Online Promotion of Alternatives to Animal Testing Gains Momentum

Escrito por HSUS.

January 23, 2009 is celebrating its first year as the world's only website devoted exclusively to advancing

non-animal alternatives in the rapidly changing field of toxicity testing.

Launched in December 2007 as a collaborative project of The Humane Society of the United States (HSUS) and The Proctor and Gamble Company (P&G), AltTox ( is a platform for professionals interested in information-exchange and perspectives on non-animal methods for toxicity testing.


The development of toxicity testing methods that do not use animals is a rapidly expanding field.

AltTox's audience includes professionals working in industry, government, academia, and nongovernmental organizations who have varied informational interests, from the scientific to the technical to the policy-related.

AltTox seeks to bridge this diversity by creating a single online community of stakeholders.

Turning To Alternatives

Toxicity tests—or "safety" tests as they are often called—are designed to assess the harmful effects that a substance, such as antifreeze or pesticides, could have on human health or the environment.

Historically, toxicity tests have used animals as surrogates for people. Tens of thousands of chemicals have been tested using animals. Even today, millions of animals are used in toxicity tests worldwide each year.

alttox features message boards, articles from professionals in the field and a toxicity testing resource center.  HSUS


The development of toxicity testing methods that do not use animals has progressed slowly but steadily since the 1980s.

These alternatives typically involve one of two approaches: "in vitro" methods involve cells, tissues, or molecules in the modern-day version of test tubes, while "in silico methods" rely on computer-based modeling of biological processes.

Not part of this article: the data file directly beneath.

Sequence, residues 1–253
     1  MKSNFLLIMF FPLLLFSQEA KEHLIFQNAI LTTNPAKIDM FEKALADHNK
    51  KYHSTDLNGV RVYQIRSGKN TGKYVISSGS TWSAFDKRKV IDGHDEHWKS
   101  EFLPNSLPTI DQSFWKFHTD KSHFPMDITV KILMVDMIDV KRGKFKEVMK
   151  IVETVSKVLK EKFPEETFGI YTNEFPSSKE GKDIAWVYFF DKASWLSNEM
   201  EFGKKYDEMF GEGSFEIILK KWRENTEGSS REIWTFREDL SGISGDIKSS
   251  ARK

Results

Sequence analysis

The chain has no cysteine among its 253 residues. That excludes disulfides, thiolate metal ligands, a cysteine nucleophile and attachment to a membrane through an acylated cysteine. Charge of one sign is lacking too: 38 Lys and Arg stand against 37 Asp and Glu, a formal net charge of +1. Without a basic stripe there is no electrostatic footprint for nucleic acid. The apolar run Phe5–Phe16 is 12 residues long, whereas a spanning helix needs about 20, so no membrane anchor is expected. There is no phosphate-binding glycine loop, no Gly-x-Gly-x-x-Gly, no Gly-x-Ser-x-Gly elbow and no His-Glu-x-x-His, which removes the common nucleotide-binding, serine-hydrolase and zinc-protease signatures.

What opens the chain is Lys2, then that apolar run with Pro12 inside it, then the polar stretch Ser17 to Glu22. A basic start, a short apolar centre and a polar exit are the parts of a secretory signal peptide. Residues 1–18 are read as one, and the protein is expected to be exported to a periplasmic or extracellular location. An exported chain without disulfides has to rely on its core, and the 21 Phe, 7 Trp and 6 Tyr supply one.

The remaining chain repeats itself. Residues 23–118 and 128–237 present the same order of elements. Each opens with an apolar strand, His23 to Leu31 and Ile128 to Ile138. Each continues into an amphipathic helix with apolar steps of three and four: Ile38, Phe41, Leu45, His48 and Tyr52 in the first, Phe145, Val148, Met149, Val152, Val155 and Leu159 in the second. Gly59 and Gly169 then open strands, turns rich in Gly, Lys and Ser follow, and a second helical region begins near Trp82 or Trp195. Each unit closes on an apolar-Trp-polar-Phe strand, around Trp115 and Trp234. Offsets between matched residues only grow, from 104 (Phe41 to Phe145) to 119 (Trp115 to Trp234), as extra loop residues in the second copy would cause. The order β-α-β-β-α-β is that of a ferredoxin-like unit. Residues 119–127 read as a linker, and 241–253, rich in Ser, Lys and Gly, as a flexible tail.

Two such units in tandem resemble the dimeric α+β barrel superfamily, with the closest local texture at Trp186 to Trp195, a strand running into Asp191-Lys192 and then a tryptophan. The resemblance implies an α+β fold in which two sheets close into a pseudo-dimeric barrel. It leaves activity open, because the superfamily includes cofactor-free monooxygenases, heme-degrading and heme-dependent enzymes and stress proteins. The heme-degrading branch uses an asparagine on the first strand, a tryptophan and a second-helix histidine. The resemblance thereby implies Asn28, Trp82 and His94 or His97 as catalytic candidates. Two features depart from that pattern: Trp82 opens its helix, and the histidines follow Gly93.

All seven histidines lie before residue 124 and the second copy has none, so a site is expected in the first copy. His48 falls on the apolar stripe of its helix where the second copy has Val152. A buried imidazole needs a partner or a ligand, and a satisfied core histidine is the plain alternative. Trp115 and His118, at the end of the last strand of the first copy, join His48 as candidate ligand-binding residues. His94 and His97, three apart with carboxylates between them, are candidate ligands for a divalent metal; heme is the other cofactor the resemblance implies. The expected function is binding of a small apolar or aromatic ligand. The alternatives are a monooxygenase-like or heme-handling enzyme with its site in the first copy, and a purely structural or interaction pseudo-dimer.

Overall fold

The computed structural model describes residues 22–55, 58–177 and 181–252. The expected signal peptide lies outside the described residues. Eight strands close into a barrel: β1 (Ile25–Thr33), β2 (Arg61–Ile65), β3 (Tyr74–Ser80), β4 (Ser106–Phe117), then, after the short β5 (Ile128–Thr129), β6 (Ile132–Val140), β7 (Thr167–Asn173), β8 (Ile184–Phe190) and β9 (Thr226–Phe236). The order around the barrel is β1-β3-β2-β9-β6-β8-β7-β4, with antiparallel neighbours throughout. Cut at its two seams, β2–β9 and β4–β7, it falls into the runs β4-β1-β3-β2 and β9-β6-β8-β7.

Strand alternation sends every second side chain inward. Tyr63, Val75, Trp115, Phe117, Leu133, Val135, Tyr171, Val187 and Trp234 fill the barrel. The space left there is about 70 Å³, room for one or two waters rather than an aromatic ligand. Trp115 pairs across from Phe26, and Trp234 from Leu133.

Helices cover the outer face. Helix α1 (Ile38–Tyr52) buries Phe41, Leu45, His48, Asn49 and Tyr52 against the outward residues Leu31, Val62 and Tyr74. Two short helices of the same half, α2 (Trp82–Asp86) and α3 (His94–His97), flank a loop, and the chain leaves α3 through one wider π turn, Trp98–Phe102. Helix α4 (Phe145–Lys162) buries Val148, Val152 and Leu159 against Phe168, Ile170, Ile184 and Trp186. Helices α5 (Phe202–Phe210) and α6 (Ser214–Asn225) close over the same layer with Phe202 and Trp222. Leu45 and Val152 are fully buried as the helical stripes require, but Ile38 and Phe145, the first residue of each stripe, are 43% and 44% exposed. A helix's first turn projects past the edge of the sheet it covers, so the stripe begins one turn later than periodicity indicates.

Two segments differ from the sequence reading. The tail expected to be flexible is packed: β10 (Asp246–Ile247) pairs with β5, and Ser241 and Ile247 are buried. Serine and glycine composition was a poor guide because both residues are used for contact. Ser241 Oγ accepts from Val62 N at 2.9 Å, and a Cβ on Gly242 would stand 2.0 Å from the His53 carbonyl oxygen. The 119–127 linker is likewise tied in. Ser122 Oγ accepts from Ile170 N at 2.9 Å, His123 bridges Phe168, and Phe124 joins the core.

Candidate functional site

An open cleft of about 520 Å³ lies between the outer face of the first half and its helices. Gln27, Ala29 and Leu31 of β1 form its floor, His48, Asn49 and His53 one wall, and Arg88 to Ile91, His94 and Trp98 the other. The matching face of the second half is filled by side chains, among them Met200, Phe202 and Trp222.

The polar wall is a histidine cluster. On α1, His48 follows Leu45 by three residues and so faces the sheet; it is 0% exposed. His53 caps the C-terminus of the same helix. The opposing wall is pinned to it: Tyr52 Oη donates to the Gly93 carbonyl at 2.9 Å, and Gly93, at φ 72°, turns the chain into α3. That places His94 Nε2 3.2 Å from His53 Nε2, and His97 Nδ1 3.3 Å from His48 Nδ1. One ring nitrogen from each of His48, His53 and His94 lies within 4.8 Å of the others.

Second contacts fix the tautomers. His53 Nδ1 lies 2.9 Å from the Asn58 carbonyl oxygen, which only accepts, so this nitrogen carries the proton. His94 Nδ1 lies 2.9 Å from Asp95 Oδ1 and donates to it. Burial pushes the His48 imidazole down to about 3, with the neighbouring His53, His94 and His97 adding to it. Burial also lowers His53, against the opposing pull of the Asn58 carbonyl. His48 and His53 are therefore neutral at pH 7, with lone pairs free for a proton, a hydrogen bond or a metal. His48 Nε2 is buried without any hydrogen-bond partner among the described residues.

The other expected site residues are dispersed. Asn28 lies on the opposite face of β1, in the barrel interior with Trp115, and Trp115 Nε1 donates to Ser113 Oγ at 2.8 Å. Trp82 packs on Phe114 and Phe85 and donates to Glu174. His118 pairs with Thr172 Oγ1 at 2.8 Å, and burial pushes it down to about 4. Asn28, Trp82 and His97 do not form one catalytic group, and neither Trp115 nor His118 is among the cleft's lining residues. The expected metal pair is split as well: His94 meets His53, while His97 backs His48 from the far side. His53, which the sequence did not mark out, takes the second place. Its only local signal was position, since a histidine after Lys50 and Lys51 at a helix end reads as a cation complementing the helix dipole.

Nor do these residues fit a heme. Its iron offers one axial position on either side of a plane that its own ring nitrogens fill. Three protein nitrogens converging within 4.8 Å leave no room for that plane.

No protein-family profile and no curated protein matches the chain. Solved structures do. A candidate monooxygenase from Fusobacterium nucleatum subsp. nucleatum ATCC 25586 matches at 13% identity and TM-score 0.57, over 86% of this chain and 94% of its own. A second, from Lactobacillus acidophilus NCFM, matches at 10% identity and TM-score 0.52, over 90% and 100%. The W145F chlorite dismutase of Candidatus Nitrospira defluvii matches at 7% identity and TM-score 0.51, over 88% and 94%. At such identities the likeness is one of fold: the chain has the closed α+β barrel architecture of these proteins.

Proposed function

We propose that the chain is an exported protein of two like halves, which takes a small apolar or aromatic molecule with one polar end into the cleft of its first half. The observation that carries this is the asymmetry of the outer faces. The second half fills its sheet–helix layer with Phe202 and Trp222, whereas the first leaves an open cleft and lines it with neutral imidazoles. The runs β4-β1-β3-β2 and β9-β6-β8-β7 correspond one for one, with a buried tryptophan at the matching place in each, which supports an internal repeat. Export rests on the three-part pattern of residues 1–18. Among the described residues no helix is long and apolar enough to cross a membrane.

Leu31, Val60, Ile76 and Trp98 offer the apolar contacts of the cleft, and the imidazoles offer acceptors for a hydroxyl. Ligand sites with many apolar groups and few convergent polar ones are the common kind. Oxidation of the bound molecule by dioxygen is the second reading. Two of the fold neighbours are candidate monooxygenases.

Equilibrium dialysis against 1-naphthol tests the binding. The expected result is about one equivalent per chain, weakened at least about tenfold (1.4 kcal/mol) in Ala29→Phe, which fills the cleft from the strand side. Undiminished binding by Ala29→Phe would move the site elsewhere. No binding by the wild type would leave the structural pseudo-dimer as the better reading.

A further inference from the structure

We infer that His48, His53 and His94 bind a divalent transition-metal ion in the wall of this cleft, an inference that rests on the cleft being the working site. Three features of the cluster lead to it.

It can take several years before a concept for an alternative testing method is able to begin being replacing animal-based methods. This process involves three main stages:

  • Development: translating an idea into a method that shows some potential
  • Validation: determining whether the new method performs well enough in different laboratories to supplant the historical test
  • Regulatory Acceptance: convincing regulatory agencies such as the U.S. Environmental Protection Agency that data from the new test is at least as good as data from the conventional test in protecting public health.

Navigating the Site

The development, validation, and regulatory acceptance of non-animal methods of toxicity testing are among the many issues covered in AltTox's three interconnected sections:

  • AlTox Forums: Interactive message boards where visitors can post and discuss news, information, feedback and commentary
  • The Toxicity Testing Resource Center: A comprehensive library of information and resources related to toxicity testing and non-animal alternative test methods
  • The Way Forward: Commentaries and articles from professionals in the field that address what is needed to advance non-animal testing alternatives

Although AltTox is managed by The HSUS and P&G, distinguished subject matter experts serve as members of the website's editorial board and as moderators of the interactive forums.

A Global Audience


Visit and check out the Toxicity Testing Overview page to learn more about testing methods that don't use animals. has gained an increasing number of users since its launch. Current forum postings have been accessed more than 200,000 times, nearly 1,600 professionals subscribe to the monthly AltTox e-newsletter and there are approximately 4,000 visits to the site each month.

AltTox is linked to several other organizations involved in alternative methods for toxicity testing and has been cited in a number of Internet articles. Scientists and other professional who have contributed to AltTox include members of American, European Union, and Japanese government agencies; American and European Union corporations and small businesses, and non-governmental organizations.

“By pulling together key information on non-animal methods of toxicity testing and creating an online community of professionals interested in the methods, our aim is to facilitate the kind of information-exchange and discussion that can help hasten progress in replacing animal-based tests with modern methods that do not harm animals” said Martin Stephens, HSUS vice president for animal research issues.


“These methods will not only spare animals from suffering, but also better protect the health of humans, animals, and the environment.”

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